CHARLIE CHAPLIN'S "The Great Dictator," Mel Brooks' "Springtime for Hitler," Monty Python's "Mr. Hilter" -- Hitler humor is nothing new. But it's usually confined to burlesquing the wacky politico (that ridiculous mustache, that maniacal gleam in the eye, that spitty German accent) in a safely pre-genocidal context. Humor about the Holocaust -- the camps, the victims, the survivors, the horrific banality -- has long been off-limits. Nothing funny about it. Let's not go there.
But recent voices have been heard above the reverential shushing: Francine Prose's mordant novella "Guided Tours of Hell," say, or an episode of HBO's "Curb Your Enthusiasm," in which an Auschwitz survivor and a veteran of CBS' reality show "Survivor" argue over who had it worse. Such voices show us that no topic should be off-limits to comedy so long as the humor stays true to the ultimate intention of satire: to illuminate. And to make us -- while we cringe (can't believe they're going there!) -- laugh. A worthy addition to this wickedly satirical chorus is Tova Reich's fourth novel, "My Holocaust," which takes on the culture of victimization, the extremes of moral equivalency and political correctness and the commodifying and fetishizing of the Holocaust. Her book is subversive, painful, brilliant and, yes, both laugh-out-loud funny and illuminating.
Who owns the Holocaust? For Maurice Messer, Jewish "survivor-in-chief" and chairman of Holocaust Connections Inc., it's anyone writing a fat check in support of the U.S. Holocaust Memorial Museum. He tours Auschwitz with potential donors, shaming them into seizing this chance to strike a blow against racial persecution and human suffering and achieve "honorary Holocaust status." His son Norman, president of Holocaust Connections, revels in his own status as a second-generation survivor. ("In the States they worshipped him, idolized him for his aura of suffering ... for schlepping the Shoah around on his back ....[I]t turned them on, yes, it turned them on.")
Business is good, but problems loom: Norman's daughter, Nechama, 20, has entered a Carmelite convent down the road from Auschwitz. Gloria, a prize potential donor, will give $10 million to the museum only if her daughter, Bunny Bacon (!) -- a clueless "Holocaust virgin," in Maurice's view -- is made its education director. And to Maurice's frustration, other folks are muscling in on the action, laying claim to the language and ideation of his Holocaust. Myriad racial, ethnic and cultural groups struggle for victimization supremacy, eventually forming "the United Holocausts rainbow coalition." Its manifesto: "We reject the hierarchy and caste system of Holocausts. All Holocausts are equal in the eye of God. No one Holocaust is superior to another, no one Holocaust is deserving of special treatment or recognition. All Holocausts are unique." Thus, the battle of competing philosophies, pitting those who claim the Holocaust is a uniquely Jewish experience against the universalists, who insist that by defining "Holocaust" in this way, by denying the commonality of this dark side of the human condition, we risk further alienation from one another and, by extension, further genocides.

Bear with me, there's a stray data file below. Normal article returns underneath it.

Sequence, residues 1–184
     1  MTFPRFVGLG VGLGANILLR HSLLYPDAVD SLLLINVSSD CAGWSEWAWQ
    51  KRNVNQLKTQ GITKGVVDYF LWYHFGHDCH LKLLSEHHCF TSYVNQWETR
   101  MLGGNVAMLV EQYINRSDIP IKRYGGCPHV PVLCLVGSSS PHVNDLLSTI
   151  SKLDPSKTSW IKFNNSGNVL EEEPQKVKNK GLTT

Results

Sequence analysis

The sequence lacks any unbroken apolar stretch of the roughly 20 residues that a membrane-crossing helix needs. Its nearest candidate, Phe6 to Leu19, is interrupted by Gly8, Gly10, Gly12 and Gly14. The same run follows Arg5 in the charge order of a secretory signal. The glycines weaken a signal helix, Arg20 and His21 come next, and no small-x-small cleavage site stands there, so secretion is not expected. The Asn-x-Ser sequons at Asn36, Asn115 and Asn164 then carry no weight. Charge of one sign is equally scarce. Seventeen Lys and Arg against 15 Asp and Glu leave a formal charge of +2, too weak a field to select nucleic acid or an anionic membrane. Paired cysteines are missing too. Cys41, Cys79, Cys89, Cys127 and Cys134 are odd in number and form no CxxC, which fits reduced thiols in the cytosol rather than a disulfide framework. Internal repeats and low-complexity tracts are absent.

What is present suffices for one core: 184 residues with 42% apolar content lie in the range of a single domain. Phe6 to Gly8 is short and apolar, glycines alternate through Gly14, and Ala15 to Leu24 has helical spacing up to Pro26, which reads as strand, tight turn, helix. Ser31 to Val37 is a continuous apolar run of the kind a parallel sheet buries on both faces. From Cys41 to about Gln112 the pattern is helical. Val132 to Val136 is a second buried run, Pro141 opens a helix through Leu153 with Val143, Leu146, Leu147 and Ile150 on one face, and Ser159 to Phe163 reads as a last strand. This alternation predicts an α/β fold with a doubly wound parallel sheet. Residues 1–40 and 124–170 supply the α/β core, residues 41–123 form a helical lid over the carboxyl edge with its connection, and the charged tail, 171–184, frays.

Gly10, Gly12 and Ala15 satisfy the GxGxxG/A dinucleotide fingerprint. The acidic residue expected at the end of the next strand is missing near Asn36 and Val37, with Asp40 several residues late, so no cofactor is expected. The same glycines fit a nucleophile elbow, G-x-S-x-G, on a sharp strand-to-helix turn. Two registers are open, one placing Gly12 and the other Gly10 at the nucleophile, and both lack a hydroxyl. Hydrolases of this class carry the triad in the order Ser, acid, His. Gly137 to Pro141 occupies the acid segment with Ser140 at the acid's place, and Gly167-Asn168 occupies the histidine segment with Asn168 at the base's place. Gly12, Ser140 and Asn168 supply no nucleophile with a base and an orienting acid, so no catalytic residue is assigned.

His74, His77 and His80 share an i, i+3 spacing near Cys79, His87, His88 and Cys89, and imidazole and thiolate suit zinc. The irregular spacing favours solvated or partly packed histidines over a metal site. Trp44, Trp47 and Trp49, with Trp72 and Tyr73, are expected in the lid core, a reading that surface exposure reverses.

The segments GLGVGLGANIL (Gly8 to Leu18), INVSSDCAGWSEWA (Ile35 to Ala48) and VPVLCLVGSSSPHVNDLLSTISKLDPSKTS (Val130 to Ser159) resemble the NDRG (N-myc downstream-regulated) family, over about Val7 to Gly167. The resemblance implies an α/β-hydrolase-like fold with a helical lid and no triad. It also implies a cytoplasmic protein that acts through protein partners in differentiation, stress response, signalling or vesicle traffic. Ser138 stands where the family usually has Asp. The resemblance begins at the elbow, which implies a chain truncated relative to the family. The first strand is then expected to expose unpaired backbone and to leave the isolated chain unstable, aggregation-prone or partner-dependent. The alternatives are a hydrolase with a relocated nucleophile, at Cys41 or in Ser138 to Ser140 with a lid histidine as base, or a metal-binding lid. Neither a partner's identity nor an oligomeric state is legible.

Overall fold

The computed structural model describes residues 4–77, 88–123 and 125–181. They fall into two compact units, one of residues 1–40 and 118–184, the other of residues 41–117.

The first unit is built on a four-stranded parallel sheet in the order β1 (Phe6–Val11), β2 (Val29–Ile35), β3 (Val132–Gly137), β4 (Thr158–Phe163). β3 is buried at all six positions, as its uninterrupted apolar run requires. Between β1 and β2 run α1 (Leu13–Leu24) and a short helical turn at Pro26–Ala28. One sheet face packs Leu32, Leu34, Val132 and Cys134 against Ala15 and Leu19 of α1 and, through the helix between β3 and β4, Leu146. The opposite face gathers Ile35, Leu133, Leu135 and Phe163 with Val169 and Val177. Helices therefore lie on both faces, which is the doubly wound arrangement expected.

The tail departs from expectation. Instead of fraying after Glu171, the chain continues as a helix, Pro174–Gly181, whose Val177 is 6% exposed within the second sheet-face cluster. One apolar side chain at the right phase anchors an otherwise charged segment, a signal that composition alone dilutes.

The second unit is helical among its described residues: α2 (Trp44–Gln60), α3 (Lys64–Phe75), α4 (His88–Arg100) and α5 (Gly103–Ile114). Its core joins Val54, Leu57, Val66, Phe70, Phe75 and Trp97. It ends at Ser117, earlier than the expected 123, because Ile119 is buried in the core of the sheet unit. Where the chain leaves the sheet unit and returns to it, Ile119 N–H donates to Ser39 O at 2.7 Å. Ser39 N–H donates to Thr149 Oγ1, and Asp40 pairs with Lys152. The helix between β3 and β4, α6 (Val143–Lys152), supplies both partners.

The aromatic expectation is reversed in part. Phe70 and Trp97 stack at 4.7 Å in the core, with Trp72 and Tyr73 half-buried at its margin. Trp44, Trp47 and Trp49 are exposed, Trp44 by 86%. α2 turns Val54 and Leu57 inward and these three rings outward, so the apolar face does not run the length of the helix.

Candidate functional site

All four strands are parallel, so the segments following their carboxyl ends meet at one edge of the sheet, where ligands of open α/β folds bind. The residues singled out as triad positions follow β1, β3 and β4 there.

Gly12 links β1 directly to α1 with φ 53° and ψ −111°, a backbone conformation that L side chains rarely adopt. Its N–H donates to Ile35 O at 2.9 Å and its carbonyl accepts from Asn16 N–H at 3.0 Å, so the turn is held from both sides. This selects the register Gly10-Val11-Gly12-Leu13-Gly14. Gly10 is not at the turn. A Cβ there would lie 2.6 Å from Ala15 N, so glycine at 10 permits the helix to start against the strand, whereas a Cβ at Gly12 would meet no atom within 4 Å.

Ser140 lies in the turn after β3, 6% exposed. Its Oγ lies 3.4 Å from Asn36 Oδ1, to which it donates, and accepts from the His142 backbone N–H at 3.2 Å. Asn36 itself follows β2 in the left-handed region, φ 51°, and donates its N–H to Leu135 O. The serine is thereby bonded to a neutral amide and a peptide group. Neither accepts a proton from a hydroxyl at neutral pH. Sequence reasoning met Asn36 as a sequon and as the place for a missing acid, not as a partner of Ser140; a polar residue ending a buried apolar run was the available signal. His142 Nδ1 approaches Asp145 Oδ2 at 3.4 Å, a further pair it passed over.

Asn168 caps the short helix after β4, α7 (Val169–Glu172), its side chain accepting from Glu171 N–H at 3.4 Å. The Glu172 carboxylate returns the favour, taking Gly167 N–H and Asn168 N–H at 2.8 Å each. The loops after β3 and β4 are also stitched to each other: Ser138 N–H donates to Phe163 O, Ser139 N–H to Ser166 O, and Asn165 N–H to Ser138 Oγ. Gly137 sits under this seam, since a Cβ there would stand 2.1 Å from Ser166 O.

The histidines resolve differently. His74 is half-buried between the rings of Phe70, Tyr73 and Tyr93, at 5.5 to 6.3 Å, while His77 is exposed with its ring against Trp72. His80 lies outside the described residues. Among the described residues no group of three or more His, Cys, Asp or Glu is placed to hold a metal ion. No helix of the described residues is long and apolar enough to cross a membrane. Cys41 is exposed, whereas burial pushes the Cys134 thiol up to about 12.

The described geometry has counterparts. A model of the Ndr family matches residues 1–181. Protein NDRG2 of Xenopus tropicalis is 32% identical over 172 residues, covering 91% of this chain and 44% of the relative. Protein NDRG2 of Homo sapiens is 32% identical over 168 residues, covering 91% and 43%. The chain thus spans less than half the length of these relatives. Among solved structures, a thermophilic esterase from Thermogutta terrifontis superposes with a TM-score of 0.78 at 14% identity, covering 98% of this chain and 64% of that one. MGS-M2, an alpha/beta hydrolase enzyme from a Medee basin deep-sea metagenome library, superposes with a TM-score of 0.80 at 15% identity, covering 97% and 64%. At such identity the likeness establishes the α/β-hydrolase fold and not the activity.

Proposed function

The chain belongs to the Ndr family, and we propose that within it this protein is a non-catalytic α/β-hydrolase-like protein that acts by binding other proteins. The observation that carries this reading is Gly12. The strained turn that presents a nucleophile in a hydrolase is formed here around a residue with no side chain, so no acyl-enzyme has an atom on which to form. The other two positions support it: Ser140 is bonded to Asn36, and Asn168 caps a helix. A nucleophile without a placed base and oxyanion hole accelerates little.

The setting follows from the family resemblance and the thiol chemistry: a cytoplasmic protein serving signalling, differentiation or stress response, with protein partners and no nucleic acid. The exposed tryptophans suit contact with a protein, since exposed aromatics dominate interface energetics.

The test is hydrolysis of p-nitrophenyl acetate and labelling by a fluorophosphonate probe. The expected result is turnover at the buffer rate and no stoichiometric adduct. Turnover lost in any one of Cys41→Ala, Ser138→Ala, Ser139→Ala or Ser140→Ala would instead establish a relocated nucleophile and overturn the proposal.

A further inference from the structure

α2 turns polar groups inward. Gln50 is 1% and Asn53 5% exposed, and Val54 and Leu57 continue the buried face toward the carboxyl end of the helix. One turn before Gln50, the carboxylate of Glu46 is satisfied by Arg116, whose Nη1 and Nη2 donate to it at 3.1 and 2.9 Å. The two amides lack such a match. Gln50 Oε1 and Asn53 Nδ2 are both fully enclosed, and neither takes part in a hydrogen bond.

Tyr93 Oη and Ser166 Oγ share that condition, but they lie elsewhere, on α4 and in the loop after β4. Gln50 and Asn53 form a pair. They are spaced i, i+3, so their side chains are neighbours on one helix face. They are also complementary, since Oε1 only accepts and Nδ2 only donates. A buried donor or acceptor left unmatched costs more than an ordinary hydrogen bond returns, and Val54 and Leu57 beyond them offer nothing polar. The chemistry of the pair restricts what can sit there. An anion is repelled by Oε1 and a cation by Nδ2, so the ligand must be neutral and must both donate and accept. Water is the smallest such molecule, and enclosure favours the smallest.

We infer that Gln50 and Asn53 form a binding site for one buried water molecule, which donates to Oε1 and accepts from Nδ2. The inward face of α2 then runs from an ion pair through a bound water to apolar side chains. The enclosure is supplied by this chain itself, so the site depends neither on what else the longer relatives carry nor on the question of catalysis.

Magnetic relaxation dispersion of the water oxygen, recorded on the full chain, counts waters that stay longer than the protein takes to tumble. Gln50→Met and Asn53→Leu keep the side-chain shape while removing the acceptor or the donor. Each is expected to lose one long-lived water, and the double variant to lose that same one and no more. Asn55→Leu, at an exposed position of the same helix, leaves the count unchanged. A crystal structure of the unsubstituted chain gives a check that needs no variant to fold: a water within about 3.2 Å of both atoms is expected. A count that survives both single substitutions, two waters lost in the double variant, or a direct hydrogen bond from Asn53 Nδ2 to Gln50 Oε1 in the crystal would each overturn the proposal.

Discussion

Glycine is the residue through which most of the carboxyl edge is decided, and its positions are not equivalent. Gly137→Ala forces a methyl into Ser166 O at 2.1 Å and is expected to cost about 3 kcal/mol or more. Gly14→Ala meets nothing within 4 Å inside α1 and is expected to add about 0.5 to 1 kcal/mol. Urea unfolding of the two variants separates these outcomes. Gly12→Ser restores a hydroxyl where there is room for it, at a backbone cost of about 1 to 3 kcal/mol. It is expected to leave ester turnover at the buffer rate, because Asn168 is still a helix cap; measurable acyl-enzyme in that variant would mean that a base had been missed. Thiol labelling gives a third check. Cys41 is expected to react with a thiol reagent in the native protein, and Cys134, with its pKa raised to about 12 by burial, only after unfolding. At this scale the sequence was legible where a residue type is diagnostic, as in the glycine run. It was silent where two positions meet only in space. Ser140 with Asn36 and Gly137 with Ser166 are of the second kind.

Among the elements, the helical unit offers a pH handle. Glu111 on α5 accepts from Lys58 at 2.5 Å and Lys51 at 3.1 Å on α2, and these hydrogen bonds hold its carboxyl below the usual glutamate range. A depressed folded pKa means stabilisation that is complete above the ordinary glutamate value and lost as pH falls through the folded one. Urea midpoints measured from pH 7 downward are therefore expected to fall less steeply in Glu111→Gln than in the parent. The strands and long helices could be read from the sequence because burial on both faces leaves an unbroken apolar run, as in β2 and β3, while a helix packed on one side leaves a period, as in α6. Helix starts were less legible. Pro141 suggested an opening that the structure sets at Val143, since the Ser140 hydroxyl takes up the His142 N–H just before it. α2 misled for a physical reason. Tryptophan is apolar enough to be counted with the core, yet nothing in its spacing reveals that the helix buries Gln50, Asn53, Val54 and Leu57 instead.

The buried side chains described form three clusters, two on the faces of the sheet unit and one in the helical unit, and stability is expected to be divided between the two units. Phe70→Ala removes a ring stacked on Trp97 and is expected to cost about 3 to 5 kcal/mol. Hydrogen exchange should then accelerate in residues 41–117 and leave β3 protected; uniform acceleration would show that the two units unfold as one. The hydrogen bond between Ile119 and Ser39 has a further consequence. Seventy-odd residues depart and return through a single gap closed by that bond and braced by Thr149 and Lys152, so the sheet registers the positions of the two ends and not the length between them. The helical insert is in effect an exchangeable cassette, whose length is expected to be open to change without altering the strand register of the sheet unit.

The brilliance of Reich's satire is its grounding in reasonable yet opposing perspectives. Yes, there is a singular, defining aspect of "the" Holocaust, and yes, we must reckon with the universality of evil and reject the cost-benefit analysis of pain. But she then turns our solid moral ground to muck by pushing her characters and their agendas to ridiculous extremes. Maurice, for one, insists that his first-class lifestyle is "not for his own comfort or prestige, God forbid, but for the sake of the six million, because he was their ambassador, he needed to look good.... " He'll fight to keep his "super Holocaust," for, after all, "Which other ethnic group in American could claim such an affirmation of its tragedy, in the Capitol rotunda no less. Why the Jews? Why not your so-called Native Americans, or your so-called African-Americans? Because unlike those poor suckers, we weren't screwed by America -- at least not yet."